KUALA LUMPUR – The depreciating ringgit has spurred changes in the thinking and behaviour of investors, who are now gravitating more towards non-ringgit assets.
“Investor sentiment is moving from capital appreciation to yield enhancement. They are looking for exposure into foreign currency assets without taking exchange rate risks,” said Pramod Veturi, head of wealth management at Standard Chartered Bank Malaysia Bhd.
“With exposure into international assets and assets which give yield, they can maximise the investment power,” he said at the bank’s press conference on Wealth Power, its new credit facility.
Veturi said investors have shifted from the mindset of having their capital appreciate to focusing more on the yields they can gain.
He added that developed market equities are seeing significant uptake due to the recent global political scenario, which has had investors worried over whether these equities are overpriced.
Danny Chang, head of managed investment and product management, Standard Chartered, said the onset of the weakening ringgit in the last three to four years has resulted in a swing of clients moving out of ringgit assets partly because the performance of non-ringgit assets has been better.
He said factors such as an inflation rate which is at 4.5% and falling interest rates have caused conservative investors to look for assets that will not make them lose out on yields or returns.
“The situation now is that inflation has gone up and interest rate has fallen. Investors here continued to be squeezed,” he said.
Chang said the bank’s clients are seeking alternatives and are rising up to the fact that they need to hedge not only their investments but the currency, hence are turning to non-ringgit assets as alternatives. This sentiment, he opined, will continue given that the knowledge of hedging against the currency seems to be getting more widespread.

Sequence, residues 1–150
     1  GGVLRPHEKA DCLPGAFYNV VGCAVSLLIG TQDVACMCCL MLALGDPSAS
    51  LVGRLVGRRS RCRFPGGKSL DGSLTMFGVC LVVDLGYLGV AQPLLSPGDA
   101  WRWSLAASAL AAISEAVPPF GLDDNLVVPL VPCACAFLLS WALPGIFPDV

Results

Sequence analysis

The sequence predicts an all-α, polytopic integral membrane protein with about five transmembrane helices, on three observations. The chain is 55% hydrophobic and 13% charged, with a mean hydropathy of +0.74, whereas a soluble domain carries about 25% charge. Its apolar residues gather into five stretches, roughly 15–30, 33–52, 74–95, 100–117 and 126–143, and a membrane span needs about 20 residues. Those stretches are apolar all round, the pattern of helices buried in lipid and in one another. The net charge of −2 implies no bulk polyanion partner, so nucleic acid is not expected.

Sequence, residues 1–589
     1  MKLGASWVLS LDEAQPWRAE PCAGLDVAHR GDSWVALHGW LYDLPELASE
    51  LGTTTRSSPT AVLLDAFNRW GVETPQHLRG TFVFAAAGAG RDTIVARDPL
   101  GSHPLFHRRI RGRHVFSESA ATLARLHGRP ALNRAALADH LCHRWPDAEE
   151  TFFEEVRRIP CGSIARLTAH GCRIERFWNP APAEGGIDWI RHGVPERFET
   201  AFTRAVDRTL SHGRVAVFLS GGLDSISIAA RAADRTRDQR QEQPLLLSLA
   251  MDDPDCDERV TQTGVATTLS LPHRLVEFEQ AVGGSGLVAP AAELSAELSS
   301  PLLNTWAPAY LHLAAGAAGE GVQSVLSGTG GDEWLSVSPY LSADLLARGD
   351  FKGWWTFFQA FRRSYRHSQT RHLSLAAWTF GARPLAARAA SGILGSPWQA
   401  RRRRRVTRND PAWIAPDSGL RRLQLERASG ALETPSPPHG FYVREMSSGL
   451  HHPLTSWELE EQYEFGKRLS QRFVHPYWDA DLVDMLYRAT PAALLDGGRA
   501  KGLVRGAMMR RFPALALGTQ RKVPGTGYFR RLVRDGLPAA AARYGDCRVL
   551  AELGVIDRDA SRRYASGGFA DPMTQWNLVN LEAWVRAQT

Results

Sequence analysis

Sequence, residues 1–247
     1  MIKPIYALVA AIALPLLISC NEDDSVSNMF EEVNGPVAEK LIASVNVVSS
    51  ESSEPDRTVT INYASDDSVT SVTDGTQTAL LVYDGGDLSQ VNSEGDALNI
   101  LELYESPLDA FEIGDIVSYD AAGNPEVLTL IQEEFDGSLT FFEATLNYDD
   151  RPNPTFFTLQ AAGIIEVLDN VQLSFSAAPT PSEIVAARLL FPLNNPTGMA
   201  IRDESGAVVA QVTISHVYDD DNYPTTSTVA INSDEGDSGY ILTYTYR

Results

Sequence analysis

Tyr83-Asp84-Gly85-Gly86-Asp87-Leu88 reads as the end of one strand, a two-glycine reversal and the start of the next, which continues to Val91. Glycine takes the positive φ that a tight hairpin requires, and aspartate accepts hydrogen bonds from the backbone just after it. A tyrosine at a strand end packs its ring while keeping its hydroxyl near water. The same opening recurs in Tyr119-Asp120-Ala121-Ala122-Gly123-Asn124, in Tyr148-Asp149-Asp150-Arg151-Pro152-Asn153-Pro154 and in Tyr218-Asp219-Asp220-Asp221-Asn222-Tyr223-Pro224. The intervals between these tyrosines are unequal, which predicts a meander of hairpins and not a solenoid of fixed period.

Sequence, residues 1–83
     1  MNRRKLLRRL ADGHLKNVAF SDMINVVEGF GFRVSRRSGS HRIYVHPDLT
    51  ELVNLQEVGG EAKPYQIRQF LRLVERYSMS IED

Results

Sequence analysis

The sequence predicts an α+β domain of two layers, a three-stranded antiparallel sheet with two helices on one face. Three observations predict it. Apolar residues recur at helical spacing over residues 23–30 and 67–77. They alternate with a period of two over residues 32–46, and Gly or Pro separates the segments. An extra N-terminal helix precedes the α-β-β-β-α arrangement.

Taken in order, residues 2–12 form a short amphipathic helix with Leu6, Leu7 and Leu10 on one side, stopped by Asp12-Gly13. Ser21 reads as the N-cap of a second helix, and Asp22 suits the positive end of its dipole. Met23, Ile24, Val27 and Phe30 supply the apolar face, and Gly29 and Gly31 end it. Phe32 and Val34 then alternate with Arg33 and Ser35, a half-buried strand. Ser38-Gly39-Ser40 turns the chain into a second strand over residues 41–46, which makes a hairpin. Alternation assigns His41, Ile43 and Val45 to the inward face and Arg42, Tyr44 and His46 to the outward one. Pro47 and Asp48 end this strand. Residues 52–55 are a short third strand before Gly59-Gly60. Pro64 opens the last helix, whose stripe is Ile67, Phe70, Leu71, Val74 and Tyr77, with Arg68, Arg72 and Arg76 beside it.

In view of these conditions, the bank has introduced Wealth Power, which is a form of leverage financing that helps investors magnify their investments capital in a foreign currency with bank borrowing of up to nine times. The client will then be able to invest in an asset.
With this credit facility, clients will be able to minimise exchange rate risk by borrowing and investing in assets in a foreign currency or non-ringgit assets such as corporate bonds and foreign currency unit trusts.
“With Wealth Power, the risk of foreign currency is minimised because the client is investing in the same currency they are borrowing. If the client is putting money in US dollar assets or Australian dollar assets, the borrowings are also in that currency,” he said.
The facility is available in seven currencies, including the ringgit, US dollar, euro and Australian dollar. The yield rate is dependent on the currency the investment is in.
Not ruling out the risk associated with borrowing and investing, Tan said the bank’s role in reducing the risk is by helping to identify suitable instruments that match an investor’s risk profile.
An investor will incur a borrowing cost in terms of a floating rate in the form of currency interest rates and a fixed one, in terms of the bank’s spread, at 1.5%.
One of the funds Standard Chartered is featuring in Wealth Power is the CIMB-Principal US Mortgage Fund.